“Speaking of those actors, all are members of the Actors Equity Association, but of particular note is Lindsey Marlin. Marlin played the role of Diane, the cunning Hollywood agent who is as fake as R-Patz and Kristen Stewart’s relationship. To prepare for the role, Marlin read “The Real, Low Down, Dirty Truth About Hollywood Agenting,” by Rima Greer. Well done. Marlin packs a hilarious bitch slap, delivering the wittiest lines seeping in snotty vile while remaining exciting and funny. It was a performance that was not overbearing and not underdone, places roles like that can easily go.”
-Jackie Mantay, “Columbus Alive” (The Little Dog Laughed)

“It’s Marlin though who really shines in this play. Her monologues are witty and amusing. Her outfits are sleek, sexy, and loaded with baubles. She’s a master negotiator who is a joy to watch. When she speaks to the audience as narrator to advance the play, she is frank business. It’s great.”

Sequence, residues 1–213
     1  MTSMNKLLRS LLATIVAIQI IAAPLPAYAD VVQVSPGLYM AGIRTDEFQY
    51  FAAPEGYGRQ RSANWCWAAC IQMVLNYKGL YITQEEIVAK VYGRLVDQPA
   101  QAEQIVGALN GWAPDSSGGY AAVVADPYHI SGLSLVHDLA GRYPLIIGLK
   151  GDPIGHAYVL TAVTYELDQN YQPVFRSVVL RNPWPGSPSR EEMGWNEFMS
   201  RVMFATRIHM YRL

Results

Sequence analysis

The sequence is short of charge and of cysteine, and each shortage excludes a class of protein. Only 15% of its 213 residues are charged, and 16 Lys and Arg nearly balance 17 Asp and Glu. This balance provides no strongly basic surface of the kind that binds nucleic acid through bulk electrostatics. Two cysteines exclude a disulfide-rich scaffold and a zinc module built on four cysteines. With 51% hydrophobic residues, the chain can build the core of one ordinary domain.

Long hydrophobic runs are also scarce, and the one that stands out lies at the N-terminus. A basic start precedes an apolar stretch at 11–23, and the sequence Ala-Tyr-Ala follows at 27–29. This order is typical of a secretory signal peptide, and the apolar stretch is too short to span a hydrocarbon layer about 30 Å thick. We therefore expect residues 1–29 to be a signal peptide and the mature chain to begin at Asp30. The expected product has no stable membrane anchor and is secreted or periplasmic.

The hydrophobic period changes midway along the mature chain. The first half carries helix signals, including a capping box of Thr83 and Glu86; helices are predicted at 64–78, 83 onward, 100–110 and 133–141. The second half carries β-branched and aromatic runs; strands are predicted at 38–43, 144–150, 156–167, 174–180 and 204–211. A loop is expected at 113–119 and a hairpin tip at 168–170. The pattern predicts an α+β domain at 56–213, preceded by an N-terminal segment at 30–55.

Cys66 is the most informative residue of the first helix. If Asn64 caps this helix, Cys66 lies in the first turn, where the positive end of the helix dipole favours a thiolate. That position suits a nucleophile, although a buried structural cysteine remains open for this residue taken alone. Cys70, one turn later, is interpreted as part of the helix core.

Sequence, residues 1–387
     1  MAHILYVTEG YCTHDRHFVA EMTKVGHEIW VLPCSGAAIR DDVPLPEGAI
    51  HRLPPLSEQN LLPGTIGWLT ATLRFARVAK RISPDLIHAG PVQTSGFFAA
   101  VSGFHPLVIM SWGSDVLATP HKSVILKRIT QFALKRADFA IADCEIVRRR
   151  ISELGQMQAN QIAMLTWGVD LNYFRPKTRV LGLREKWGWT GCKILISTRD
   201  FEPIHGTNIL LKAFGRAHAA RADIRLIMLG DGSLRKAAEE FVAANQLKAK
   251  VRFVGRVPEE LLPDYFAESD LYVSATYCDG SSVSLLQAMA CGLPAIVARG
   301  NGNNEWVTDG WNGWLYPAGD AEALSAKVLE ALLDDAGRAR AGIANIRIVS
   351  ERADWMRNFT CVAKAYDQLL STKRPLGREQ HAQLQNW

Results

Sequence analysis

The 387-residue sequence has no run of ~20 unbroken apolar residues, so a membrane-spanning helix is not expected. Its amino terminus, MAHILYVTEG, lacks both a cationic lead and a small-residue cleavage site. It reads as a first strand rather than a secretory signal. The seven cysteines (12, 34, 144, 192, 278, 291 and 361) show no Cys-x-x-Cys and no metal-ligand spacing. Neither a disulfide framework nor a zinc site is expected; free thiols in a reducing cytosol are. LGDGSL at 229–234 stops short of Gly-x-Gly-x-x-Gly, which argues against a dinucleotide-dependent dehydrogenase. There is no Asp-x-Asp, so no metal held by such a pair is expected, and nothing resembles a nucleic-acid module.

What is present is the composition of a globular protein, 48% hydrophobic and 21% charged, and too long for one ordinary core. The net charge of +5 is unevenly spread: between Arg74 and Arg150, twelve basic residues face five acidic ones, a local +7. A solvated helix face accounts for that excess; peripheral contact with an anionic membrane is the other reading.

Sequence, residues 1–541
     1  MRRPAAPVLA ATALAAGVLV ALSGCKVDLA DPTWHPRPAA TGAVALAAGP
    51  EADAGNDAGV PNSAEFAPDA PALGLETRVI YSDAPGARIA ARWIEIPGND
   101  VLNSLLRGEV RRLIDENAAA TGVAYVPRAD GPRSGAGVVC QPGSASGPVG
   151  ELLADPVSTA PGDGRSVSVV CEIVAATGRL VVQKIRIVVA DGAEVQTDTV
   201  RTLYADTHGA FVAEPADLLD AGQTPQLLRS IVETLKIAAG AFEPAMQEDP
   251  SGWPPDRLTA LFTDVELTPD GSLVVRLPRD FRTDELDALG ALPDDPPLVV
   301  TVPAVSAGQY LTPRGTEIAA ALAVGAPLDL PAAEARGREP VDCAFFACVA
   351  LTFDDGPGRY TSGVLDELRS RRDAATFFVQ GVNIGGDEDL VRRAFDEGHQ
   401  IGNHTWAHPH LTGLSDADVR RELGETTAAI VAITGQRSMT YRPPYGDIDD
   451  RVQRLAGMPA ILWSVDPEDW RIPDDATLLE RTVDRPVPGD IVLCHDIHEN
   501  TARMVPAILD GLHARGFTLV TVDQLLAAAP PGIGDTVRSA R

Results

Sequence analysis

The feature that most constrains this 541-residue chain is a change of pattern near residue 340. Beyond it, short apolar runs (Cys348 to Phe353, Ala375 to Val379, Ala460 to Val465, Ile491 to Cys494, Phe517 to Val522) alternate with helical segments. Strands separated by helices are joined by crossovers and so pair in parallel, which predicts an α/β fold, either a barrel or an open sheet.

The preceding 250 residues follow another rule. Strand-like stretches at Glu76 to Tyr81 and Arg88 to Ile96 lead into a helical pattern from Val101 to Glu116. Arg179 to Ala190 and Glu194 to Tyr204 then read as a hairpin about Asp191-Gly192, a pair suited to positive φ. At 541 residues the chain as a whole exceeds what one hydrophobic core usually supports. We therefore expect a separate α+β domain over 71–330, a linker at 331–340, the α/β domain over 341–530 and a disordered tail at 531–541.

-Anne Evans, “Columbus Underground” (The Little Dog Laughed)

“Marlin keeps Diane from coming across as cartoonishly villainous: She is so giddy with her plans, and so in love with her own voice, that she just doesn’t have much time for the ambivalent feelings of other people. She’s appallingly delightful to watch.”
-Margaret Quamme, “The Columbus Dispatch” (The Little Dog Laughed)

“Director Jonathan Putnam pulls a particularly strong performance out of Lindsey Marlin as the gleefully manipulative Diane.”
-Richard Ades, “The Other Paper” (The Little Dog Laughed)

KINDERTRANSPORT